I give gita the time to study in which i will never come in that parth i will always make sure that education always comes first and i come second as with out that you could never get a good decent job and never get to right parth in life that you want to.
    I say that if your partner is uni then you always give them that time to study and to always support them and never allow them break away from that concentration otherwise everything will start going wrong. And if you love that person then you will never let go of them no matter what happens between you to and how many arguments and problems you go through this is life and its part of something that as couples you will go though. I cant say how students feel and do as i have never exprienced that but i can say from a fulltime workers point of view that work and money dose not come first in life cause whats the point working and earning the money if you can not enjoy it with the person you love.

  2. Scarlett

    I met my husband in my first year of University. He was in the year above me and although initially we were both very distracted (I confess to not attending any of my lectures for three weeks) thankfully we were both at a point in our studies when being a bit distracted had no lasting effect on our degrees.

    However, as things became more serious over the next year and a half, and he drew close to finishing University while I was still in my second year; that could have been a major breaking point. Instead we found that having each other provided encouragement and support when we needed it. He’s not as academically minded as I am, so when he began to get writer’s block on his dissertation, I helped him through it and made him aim higher. He, on the other hand, helped stop me from disappearing for days on end in the library and never seeing sunlight.

    Clearly it could have been difficult when he finished his degree and moved back in with his parents, leaving me still at university, but instead he worked on getting a job near our university and moved back within just a few months. He then helped support me so that I didn’t have to work during my final year, allowing me to get the best degree I possibly could.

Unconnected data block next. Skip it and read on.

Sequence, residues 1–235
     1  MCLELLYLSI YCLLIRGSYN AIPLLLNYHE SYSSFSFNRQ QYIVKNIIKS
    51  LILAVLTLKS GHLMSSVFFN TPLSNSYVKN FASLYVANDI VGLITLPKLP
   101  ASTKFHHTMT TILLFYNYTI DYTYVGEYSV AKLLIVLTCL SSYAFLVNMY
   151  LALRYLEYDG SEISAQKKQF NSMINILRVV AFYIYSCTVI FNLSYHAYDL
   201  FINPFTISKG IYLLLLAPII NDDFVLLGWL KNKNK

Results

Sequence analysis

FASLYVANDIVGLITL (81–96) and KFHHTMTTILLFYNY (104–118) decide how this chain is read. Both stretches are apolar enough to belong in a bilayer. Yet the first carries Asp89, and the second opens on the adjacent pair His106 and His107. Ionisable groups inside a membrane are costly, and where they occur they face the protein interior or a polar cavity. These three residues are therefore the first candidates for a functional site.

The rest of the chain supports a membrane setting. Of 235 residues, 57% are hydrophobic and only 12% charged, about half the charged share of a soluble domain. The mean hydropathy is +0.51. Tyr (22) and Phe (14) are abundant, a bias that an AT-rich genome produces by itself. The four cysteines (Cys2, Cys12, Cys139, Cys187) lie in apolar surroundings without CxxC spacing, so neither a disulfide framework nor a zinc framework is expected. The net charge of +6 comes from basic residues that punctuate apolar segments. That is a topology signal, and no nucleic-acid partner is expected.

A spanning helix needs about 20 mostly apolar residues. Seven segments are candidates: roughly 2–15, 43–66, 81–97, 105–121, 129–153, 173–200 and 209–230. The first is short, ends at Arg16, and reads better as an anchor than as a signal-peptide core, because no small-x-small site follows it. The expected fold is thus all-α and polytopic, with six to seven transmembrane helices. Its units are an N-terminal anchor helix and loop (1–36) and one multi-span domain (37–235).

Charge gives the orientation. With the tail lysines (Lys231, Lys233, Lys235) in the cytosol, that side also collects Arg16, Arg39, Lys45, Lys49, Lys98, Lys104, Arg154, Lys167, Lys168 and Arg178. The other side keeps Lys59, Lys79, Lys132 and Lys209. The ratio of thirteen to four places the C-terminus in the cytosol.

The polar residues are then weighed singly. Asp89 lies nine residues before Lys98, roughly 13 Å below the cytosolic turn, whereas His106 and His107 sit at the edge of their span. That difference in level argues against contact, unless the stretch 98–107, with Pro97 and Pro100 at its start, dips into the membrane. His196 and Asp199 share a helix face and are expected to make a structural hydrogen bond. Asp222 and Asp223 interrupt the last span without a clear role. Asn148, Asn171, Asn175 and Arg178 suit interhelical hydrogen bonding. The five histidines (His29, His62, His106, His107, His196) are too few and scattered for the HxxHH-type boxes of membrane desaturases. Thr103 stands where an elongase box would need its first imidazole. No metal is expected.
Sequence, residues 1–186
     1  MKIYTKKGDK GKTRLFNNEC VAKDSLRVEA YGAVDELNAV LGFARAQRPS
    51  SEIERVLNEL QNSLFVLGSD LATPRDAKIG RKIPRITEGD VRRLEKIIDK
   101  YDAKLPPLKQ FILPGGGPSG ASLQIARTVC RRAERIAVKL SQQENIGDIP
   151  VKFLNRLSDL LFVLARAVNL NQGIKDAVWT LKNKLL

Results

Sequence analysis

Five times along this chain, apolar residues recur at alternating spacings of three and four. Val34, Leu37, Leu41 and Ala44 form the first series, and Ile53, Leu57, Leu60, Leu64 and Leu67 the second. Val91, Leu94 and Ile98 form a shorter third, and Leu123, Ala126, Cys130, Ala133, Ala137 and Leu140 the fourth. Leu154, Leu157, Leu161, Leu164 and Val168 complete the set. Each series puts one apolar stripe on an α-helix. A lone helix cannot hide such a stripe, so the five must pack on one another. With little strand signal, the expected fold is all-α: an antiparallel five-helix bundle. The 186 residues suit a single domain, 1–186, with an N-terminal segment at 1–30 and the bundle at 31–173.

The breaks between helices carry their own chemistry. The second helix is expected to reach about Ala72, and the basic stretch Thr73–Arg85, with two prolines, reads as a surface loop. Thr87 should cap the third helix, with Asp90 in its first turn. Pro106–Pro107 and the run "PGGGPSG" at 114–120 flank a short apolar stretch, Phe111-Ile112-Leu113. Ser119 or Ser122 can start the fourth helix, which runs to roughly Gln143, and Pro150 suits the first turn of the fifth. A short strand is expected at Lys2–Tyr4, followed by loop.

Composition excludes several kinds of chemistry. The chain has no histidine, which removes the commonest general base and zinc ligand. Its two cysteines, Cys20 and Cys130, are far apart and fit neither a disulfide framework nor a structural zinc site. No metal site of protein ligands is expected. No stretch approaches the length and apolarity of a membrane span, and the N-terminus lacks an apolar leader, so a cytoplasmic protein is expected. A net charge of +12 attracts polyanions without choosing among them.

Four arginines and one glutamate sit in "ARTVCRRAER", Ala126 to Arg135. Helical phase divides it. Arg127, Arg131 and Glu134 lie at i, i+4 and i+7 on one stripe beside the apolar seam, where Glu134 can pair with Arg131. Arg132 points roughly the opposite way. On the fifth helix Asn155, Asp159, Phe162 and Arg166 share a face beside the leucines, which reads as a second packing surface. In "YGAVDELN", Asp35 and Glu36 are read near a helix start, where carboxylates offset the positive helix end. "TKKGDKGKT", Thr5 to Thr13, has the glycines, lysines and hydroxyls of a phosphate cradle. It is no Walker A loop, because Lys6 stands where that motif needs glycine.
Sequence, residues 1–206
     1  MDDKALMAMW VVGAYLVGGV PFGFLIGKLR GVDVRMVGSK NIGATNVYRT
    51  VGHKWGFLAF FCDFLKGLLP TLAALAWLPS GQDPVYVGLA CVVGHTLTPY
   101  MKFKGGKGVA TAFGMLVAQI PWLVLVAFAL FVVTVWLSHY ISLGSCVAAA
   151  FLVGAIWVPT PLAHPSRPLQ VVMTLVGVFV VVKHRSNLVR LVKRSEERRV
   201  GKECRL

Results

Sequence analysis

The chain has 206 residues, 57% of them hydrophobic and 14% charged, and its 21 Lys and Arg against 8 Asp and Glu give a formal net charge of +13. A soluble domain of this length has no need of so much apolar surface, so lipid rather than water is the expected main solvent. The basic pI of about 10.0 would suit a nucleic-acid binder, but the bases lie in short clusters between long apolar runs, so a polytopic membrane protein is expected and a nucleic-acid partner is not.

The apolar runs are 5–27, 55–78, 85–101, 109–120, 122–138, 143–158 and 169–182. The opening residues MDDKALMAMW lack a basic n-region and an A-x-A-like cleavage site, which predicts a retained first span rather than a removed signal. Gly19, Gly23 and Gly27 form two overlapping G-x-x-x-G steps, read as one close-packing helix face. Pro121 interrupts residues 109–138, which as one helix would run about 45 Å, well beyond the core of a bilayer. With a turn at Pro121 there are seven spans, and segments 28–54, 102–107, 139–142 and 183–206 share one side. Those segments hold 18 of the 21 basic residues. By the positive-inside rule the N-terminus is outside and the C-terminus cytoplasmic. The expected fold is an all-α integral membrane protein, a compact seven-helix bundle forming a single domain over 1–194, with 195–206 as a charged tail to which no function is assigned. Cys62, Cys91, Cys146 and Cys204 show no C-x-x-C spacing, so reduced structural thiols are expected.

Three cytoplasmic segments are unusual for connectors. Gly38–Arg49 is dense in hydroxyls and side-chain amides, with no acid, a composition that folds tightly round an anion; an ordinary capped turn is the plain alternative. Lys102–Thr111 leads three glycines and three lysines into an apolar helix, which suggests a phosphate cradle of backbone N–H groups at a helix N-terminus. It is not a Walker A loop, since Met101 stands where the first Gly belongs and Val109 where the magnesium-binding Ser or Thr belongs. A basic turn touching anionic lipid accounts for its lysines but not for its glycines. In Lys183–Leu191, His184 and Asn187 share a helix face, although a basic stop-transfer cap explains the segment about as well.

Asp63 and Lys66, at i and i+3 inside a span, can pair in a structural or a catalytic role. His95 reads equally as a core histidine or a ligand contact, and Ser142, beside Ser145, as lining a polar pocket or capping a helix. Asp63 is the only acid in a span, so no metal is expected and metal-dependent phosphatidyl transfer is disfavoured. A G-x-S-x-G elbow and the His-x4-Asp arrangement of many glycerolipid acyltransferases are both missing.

I think that university is an amazing opportunity to meet your life-partner. Never again will you be in an environment filled with people the same age, with many of the same interests and goals as you and with the time and freedom to be able to get to know people in a way that is very difficult when you’re at work. It’s all very well to concentrate on your studies and achieve a good degree, which in turn will lead to a good job, successful career and hopefully monetary peace-of-mind. But really life is at its most enjoyable when you’re surrounded by people you love and who love you. And I think that having a family, and someone to share your successes with is much more satisfying than being married to your job.

    I’ll have been with my husband for six years tomorrow, and married for nearly one. Despite going to university for a good degree (which I did get), I think the life experience gained is an underrated but absolutely crucial part of why people should go to university, and is what many people miss when they take vocational routes or get straight on the career path instead.

  3. Gita Mistry

    Hello, i am currently with a boyfriend. I started dating him in May 2009 and i used to live in Bristol and he is in London. So we didnt get to see eachother much! But then i came to Kingston Uni on sept 2010. Where i thought personally that i’d get distracted by the boyfriend as he is in London too and leave uni work…But my boyfriend said to me, “If you have uni work to do, you do that first then i will come and see you”. Which made me do my uni work! It was like if i hadnt had him there i probably would have done my work but 2/3 days before deadline. But this way i wanted to DO my work!

    I now see my boyfriend either once a month or every 2 weeks, i prefer this, i have learnt a lot about myself and also the boyfriend as i am able to have more time spending with him. Also my family are happy how i have coped with this and i feel that if you and your partner understand when there is work to do it needs to be done. Then relationships are no problem, yes u have your ups and downs but then again who doesnt.

    I would still say that single is better because the amout of arguments i have been through with the boyfriend about me going clubbing etc and not calling him or texting him. Being Single is good! But if you want to be in a relationship act sensibly about it. Be mature about silly situations and just because your friend has a partner doesn’t mean you need one too!

    If you do end up breaking up, dont think it’s the end of the world because it isn’t, you have family friends a life! What more do you want..?